Harry Reid has died at age 82. His name was hardly a well-known outside of political circles. But as the Senate Majority Leader during the Obama era, the Nevada Democrat was responsible for shepherding through some of the administration’s signature accomplishments.
He was also one of the first Democrats to see Barack Obama as a potential president and lent him support early in his candidacy. Obama himself recently acknowledged that he wouldn’t have been elected if it wasn’t for Reid.
Reid knew how to flex his political power, and he was more than willing to do so for LGBTQ rights. He deftly navigated around the complicated political shoals to repeal the anti-LGBTQ military ban known as “Don’t Ask, Don’t Tell” (DADT).
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In a moment that highlighted the personal stakes involved for many LGBTQ personnel, Lt. Dan Choi, an Iraq war veteran discharged under DADT, gave Reid his West Point ring with the agreement that it would be returned after the ban on LGBTQ service members was repealed. Reid promised that he would ensure the repeal and, after the repeal, he invited Choi back to his office where he returned the ring.
Reid also did his best to ensure passage of the Employment Nondiscrimination Act (ENDA), which would have provided federal legal protections on the basis of sexual orientation. Reid clearly did some arm-twisting behind the scenes to bring recalcitrant Democrats into line and made himself the 50th co-sponsor of the measure. (The measure made it out of the Senate, but died in the GOP-controlled House.)
Faced with an increasingly obstructionist GOP, Reid often used his political muscle to push the Democratic agenda. When Republicans blocked a vote on Obama’s federal judicial nominees, including an openly gay nominee, Reid simply forced the vote. He eventually tired of the Republicans’ efforts to stop everything by invoking threat of a filbuster, Reid nuked the filibuster for federal judicial nominees.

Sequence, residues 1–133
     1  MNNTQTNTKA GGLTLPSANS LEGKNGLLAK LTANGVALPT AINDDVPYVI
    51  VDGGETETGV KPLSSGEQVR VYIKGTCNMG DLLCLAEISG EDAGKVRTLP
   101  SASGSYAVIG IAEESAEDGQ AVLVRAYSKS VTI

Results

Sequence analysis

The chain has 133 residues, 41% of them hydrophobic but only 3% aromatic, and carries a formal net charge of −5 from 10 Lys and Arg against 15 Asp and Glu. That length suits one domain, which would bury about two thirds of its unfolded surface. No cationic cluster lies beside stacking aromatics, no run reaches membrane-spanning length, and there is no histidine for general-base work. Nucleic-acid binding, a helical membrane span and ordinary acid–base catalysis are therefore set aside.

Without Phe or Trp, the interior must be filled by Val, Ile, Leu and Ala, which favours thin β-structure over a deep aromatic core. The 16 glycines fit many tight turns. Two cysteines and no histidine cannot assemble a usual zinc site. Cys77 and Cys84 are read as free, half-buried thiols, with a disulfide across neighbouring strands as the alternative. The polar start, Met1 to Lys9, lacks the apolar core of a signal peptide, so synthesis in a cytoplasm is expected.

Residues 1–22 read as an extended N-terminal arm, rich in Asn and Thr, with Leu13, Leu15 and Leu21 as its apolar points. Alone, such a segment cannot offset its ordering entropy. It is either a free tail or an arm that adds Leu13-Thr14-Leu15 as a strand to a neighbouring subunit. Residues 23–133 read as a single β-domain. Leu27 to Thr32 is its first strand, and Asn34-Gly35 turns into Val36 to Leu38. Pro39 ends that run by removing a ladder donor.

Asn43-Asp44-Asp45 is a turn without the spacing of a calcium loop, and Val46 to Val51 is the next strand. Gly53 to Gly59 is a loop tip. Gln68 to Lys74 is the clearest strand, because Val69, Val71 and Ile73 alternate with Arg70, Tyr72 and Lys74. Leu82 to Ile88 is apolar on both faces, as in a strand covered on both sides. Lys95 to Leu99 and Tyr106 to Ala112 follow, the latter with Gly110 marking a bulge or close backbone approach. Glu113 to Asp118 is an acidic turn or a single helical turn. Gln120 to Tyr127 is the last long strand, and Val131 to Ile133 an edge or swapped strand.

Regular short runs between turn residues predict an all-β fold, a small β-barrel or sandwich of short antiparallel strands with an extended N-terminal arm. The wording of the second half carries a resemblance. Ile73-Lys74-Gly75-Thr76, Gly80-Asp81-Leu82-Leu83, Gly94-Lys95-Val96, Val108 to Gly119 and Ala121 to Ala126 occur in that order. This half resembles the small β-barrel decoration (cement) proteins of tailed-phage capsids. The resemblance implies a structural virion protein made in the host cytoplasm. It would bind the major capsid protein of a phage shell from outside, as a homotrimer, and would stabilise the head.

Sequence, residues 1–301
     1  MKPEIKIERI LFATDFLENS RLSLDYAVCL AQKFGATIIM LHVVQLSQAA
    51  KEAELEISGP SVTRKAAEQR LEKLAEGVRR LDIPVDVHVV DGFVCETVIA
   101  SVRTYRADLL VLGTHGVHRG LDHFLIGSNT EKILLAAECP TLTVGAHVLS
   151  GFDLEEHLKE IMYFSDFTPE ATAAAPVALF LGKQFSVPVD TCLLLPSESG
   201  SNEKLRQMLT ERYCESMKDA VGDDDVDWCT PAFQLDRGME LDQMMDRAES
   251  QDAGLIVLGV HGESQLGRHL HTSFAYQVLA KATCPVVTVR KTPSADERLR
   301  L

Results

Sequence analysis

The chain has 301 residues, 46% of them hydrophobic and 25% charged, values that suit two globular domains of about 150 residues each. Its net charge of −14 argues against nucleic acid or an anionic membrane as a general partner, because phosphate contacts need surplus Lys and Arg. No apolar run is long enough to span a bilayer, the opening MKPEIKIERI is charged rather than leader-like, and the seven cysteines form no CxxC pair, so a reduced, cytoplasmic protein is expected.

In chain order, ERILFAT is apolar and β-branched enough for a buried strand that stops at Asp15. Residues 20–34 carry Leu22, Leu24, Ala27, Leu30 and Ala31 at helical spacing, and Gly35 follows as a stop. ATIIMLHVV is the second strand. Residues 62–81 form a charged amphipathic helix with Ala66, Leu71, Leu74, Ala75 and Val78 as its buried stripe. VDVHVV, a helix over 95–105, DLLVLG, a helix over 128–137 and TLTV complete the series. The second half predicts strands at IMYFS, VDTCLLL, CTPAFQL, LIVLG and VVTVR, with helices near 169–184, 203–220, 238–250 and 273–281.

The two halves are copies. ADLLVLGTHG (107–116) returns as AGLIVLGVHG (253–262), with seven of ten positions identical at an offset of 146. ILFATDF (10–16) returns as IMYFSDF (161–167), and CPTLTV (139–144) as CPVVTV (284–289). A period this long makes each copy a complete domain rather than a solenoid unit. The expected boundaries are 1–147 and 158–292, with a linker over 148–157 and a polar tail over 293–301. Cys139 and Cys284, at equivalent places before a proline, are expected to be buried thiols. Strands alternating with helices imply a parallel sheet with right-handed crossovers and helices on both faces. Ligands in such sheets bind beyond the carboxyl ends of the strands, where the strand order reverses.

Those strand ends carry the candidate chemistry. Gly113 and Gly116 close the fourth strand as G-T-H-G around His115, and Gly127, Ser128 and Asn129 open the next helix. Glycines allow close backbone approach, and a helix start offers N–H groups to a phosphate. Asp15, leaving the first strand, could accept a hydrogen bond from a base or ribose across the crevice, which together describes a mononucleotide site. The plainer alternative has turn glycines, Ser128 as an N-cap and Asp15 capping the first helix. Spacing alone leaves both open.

Reid’s unabashedly liberal viewpoint seemed at odds with his Mormon background. Yet he adapted to the changing politics in his state, while maintaining his faith.
Perhaps as much as his faith, what marked Reid most was his pugnaciousness. As a young man, he was a middleweight boxer, and he never lost that sense of willingness to metaphorically bloody noses. He was especially harsh on fellow Mormon Mitt Romney during the 2012 presidential campaign, claiming that Romney hadn’t paid taxes for 10 years. The charge wasn’t true, but Reid refused to apologize for it.
Reid retired in 2017, but he still weighed in on politics. In 2019, he called for the elimination of the filibuster altogether, claiming it was thwarting the will of the people.
Some pundits claimed that Reid’s take-n0-hostages attitude contributed to the polarization in the Senate today, but a more accurate interpretation was that Reid recognized Republicans had no intention of collaborating. Under those circumstances, he was willing to go it alone.
The result was landmark legislation that will benefit the country for decades to come.